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Thread: Shocking Voltage on Earth Terminal and anything bonded to it

  1. #1
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    Shocking Voltage on Earth Terminal and anything bonded to it

    Hello guys

    It's been a while since I posted anything...I need help asap. A new domestic installation has main building with Main DB and back rooms with Sub DB. Both buildings have 3kW geysers installed....
    Now a client has been complaining about getting shocked when taking shower on either one. Hot and cold water pipes are bonded to earth. Every extrenous conductive parts are bonded to Earth.

    I did insulation resistance test on Geysers elements... not down to Earth, a RCD is not tripping neither. I tested shower tabs with water on the floor and get 36Volts which I think its dangerous too. Isolated all other earth connections except for geyser, still got shocking voltage. Went on to test an Elevated Neutral Voltage on supply, with MCB off...got 32V on both buildings because B/rooms are looped on supply.

    LV Earthing System should be TN-C-S as I saw it on authority post (3phases with PEN conductor)
    I'm puzzled as to what would cause Voltage on Earth Terminal and anything that is bonded to it.

    I'd appreciate it very much if I could get help, or an insight guys. I'm really stuck

  2. #2
    Diamond Member AndyD's Avatar
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    First thing to do is isolate the supply before someone gets injured.
    Quote Originally Posted by Reginald View Post
    ........... LV Earthing System should be TN-C-S as I saw it on authority post (3phases with PEN conductor)..........
    Not sure what 'I saw it on authority post' means. Is the supply definately TN-C-S earthing arrangement? Can you actually see whether there's a CNE or single PEN conductor at the incoming supply point?

    Quote Originally Posted by Reginald View Post
    ........I tested shower tabs with water on the floor and get 36Volts which I think its dangerous too. Isolated all other earth connections except for geyser, still got shocking voltage. Went on to test an Elevated Neutral Voltage on supply, with MCB off...got 32V....
    What instrument/tester did you use to test for elevated voltage? How exactly did you do the test?

    A word of warning, assume all conductors including neutrals and PEN conductors are live until proven otherwise.

    If the supply is TN-C-S then it's probably PME. First thing I'd do is disconnect the incoming supply entirely and test for elevated voltage on the incoming supply PEN with a wander-lead to a known good earth (one that's been tested with earth impedance tester) such as building steel-work or a local earth rod that gives a good Ra reading of a few Ohms. There are certain supply faults that can cause dangerous elevated PEN voltages with TN-C-S supplies, these faults can result in parallel earth paths within the installation such as bonding wiring to carry high currents.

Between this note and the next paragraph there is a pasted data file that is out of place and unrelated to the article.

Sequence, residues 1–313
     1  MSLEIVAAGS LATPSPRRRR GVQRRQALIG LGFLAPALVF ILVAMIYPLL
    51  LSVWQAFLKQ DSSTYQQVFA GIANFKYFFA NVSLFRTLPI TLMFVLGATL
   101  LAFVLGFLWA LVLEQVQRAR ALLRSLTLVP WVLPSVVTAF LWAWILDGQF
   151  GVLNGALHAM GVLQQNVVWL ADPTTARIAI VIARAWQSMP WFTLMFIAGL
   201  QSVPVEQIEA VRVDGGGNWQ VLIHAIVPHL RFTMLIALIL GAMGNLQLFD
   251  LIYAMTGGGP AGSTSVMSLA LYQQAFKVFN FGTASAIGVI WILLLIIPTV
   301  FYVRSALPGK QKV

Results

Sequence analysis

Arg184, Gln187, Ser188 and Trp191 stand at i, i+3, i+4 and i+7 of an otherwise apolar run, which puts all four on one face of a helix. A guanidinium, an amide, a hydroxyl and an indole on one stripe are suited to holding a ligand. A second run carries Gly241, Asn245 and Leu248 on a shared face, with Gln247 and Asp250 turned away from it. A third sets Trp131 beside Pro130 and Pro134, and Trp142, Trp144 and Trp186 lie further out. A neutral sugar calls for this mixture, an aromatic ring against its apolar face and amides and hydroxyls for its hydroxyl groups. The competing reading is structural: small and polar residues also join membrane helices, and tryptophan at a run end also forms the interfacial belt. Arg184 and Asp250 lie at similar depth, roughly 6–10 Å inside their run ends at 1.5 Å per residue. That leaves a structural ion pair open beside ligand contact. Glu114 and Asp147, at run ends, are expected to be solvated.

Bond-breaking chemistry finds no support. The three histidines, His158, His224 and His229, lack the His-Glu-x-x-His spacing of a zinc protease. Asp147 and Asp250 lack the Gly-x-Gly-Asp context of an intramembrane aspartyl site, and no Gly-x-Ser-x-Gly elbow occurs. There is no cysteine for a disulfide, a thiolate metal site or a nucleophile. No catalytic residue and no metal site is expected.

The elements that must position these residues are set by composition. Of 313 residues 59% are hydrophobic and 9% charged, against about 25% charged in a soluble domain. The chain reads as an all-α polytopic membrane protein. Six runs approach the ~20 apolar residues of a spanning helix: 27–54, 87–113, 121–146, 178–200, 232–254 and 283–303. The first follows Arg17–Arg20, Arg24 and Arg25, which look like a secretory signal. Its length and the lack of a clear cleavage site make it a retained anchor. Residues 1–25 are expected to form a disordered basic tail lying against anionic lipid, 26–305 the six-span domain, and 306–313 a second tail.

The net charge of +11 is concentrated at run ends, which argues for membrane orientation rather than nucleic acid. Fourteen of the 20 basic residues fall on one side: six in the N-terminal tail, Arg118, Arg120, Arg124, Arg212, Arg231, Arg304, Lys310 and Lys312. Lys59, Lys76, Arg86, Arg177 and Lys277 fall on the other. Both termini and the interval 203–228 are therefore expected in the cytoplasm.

Once you've proved the incoming supply is fine I'd test the integrity of the installation earthing. Do earth impedance tests from the furthest point of all the final circuits.

    Next is to prove the integrity of the main bonding and supplementary bonding across the geyser pipework etc. It's worth checking that the water pipework within the building is continuous copper and isn't interrupted in areas by plastic PEX pipe. Also test the taps and exposed pipework in the bathrooms with a wander lead to make sure their earth impedance is low.

    At this point you've proved the supply integrity and that the equipotential zone is in tact. I'd then run around with a wander lead to prove items such as metallic towel rails, window frames and other metallic items are classed as extraneous conductive and bond where necessary...especially in the bathrooms.

    Finally check that all circuits are supplied by the earth leakage breaker and ramp test it to ensure it's working correctly and IR test all circuits for insulation faults.

    Sounds like a lot of work I know, on a standard small-medium domestic installation it should take 2-3 hours and it's time well spent. It's easy to start running yourself around in circles with these types of faults, be methodical at least to the point where you've proved the supply, proved the equipotential zone and proved the circuits.
    Last edited by AndyD; 17-Jun-16 at 12:52 AM.
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    Gold Member Sparks's Avatar
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    My first test would be loop impedance. Just because there is an earth wire ate the property does not mean it is connected at the other end.

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    Full Member MullerR's Avatar
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    I also once came across a loose neutral from supplier side, causing taps to shock the tenants. It was a TNSC system.

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